Luisita farmers vow to continue struggle for land, justice and peace
Despite harassments and murders against their ranks, the farmers of Hacienda Luisita till the soil and raise their crops as part of their struggle to reclaim the land that has been decided to be theirs all along.
Last November 15, the farmers invited youth and other organizations to a “bungkalan” (tilling) where they were taught basic farming as well as the importance of land reform in several locations in Hacienda Luisita. The bungkalan was part of a three-day people’s Cultural Caravan for Land, Justice and Peace to commemorate the 12th year anniversary of the Hacienda Luisita massacre.
The bungkalan is a land cultivation project by Luisita farmers on parts of the estate that are unused and unproductive to make the most out of them, in spite of antagonism by the local landlords.
“We must plant and use the land. This is the best way for us to fight back,” said Angie Ipong of Unyon ng mga Manggagawa sa Agrikultura, citing Department of Agrarian Reform (DAR) secretary Rafael Mariano’s recent pronouncements that peasants will not be evicted from the land they are farming.
On November 16, as a culminating event of the people’s caravan, the farm workers were joined by cultural performers and supporters from different organizations at the Central Azucarera de Tarlac’s Gate 1, the actual site of the massacre.
The artists performed a theatrical re-enactment of the massacre as a tribute to the martyrs of Luisita, and condemned the landlord Cojuanco-Aquino clan and their cronies.
“Their clan is answerable not only for the Hacienda Luisita massacre, but also for the rights abuses against Luisita farm workers and the bogus distribution in Hacienda Luisita during the term of the last Cojuanco-Aquino president,” said Renato Mendoza, secretary-general of Alyansa ng Manggagawang Bukid sa Asyenda Luisita (AMBALA).
On November 15, 2004, Philippine National Police elements defending the Cojuanco-Aquino clan violently dispersed a strike at Gate 1 in what became known as the Hacienda Luisita massacre.
Seven protesters were killed, while various survivors and supporters of the peasants’ cause later became victims of human rights violations, such as extrajudicial killings, enforced disappearances, and illegal arrests.
None of the perpetrators have been persecuted.
In 2012, the Supreme Court ruled that the Cojuanco-Aquino clan must distribute the land.
While the clan and the Department of Agrarian Reform (DAR) did give away Certificate of Land Ownership Awards (CLOA’s), they gave away random patches of land through a raffle system that displaced farmers and created conflict among residents due to land already occupied being given away or farmers receiving titles far from their communities.
Farmers were also violently forced out of their lands, their crops were bulldozed and their homes were burned by armed elements allegedly hired by the Cojuanco-Aquinos.
“My sister was about to harvest her rice crops when her land was given away to someone else because of the raffle,” recalled Rey Ocampo, a farmer from the Mapalacsiao area.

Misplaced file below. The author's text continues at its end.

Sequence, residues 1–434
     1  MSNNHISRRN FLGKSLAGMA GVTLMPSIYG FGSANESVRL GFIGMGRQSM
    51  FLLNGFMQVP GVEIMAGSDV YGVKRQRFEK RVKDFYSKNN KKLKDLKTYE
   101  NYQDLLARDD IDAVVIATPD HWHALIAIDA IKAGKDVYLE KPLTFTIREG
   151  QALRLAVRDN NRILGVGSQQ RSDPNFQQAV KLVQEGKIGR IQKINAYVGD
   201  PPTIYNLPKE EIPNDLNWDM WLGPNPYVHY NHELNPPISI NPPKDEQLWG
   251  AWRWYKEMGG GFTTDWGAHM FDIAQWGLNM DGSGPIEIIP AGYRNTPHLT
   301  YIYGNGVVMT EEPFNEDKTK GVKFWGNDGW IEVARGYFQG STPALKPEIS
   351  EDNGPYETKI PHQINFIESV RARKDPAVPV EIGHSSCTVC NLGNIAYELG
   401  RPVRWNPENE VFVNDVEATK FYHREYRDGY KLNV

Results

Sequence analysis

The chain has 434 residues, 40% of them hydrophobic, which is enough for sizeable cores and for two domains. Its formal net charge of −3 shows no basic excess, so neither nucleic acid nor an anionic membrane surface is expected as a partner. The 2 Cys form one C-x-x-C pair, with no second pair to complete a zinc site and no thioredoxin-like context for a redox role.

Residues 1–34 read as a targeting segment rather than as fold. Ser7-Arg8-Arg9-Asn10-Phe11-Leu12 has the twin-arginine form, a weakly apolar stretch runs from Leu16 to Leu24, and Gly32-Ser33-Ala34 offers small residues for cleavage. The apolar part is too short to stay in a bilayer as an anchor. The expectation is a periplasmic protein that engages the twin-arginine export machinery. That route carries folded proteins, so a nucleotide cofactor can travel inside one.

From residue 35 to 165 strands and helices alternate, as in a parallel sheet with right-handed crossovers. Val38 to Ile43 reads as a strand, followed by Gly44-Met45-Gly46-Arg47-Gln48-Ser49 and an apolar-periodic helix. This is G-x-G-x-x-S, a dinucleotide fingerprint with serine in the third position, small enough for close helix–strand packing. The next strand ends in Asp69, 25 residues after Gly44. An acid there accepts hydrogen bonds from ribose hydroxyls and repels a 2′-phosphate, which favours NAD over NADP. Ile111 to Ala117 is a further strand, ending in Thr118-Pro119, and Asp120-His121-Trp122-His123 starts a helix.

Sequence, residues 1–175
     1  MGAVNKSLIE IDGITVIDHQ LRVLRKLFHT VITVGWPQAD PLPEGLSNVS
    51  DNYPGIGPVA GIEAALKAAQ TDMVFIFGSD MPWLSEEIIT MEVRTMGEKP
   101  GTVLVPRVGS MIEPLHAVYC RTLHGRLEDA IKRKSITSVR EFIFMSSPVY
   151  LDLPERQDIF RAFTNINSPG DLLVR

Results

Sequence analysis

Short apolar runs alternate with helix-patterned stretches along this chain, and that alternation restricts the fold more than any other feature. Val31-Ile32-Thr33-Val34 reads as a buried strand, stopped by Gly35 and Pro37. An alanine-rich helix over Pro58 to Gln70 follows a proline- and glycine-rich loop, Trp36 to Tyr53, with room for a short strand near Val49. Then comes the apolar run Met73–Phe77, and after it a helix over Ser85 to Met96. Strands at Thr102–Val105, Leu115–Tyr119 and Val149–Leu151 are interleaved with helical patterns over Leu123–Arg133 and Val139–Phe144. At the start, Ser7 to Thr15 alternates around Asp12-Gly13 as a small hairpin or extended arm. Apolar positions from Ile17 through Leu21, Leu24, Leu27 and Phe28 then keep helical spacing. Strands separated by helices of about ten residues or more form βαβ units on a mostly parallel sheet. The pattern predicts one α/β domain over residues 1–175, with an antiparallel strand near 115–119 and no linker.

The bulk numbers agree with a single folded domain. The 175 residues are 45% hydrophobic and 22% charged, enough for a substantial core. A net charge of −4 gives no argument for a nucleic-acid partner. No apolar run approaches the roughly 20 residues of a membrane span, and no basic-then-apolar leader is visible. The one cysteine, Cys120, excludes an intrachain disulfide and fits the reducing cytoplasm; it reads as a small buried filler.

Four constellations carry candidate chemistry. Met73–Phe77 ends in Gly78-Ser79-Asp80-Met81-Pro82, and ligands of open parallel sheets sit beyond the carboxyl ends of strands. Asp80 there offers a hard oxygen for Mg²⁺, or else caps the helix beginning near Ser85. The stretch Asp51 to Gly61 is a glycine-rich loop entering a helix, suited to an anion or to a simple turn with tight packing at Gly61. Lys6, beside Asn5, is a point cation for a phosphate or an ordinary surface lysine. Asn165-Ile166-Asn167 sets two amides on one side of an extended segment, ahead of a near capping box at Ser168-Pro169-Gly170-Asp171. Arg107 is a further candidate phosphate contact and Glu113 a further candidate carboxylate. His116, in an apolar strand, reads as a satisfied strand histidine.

“The new owner and the Cojuanco-Aquinos did not listen to her pleas. She could only weep as they destroyed her crops and evicted her,” Ocampo said.
“They did the same with my land, where I was growing fruit trees,” Ocampo added.
Ipong further added that the raffle system was rigged to force the peasants out of their lands as fast as possible.
“The CLOA’s were only for over half a hectare of land, which is unfair. In addition to that, there is no support awarded to those who did receive land, which means that they are left to deal with issues like irrigation, pests and other problems alone,” she said.
“At some point, many farmers end up with no choice but to either rent their lands or sell their title altogether. And who else do they have to sell and rent to but the Cojuanco-Aquinos?” Ipong asked.
“The Cojuanco-Aquino clan hasn’t even put up all of Hacienda Luisita for distribution at this point,” Ipong added.
“There are plots of land that are suspiciously taken out of the raffle, such as those near roads. They clearly still intend to profit from land that isn’t theirs,” she added.
The struggle continues
The peasant groups emphasized that they will continue their struggle for land and justice as they hope for the best with the appointment of former Kilusang Magbubukid ng Pilipinas chairperson Rafael Mariano as DAR secretary.
“Ka Paeng is just one man in the government. He cannot single-handedly bring genuine land reform when many of his fellow president’s men are going against it,” Ipong said.
“While we hope we can make the most of this opportunity when DAR is more than willing to take actions for us, we still have to take actions ourselves,” Ipong said.
“We will still keep struggling, even though Ka Paeng is in DAR to rectify the actions of his predecessors,” Mendoza said.
“We will not stop organizing and mobilizing, because this is what is needed to achieve true peace and justice,” Mendoza added. (Abril Layad B. Ayroso)
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Here is a video on the Hacienda Luisita massacre by Kodao Productions.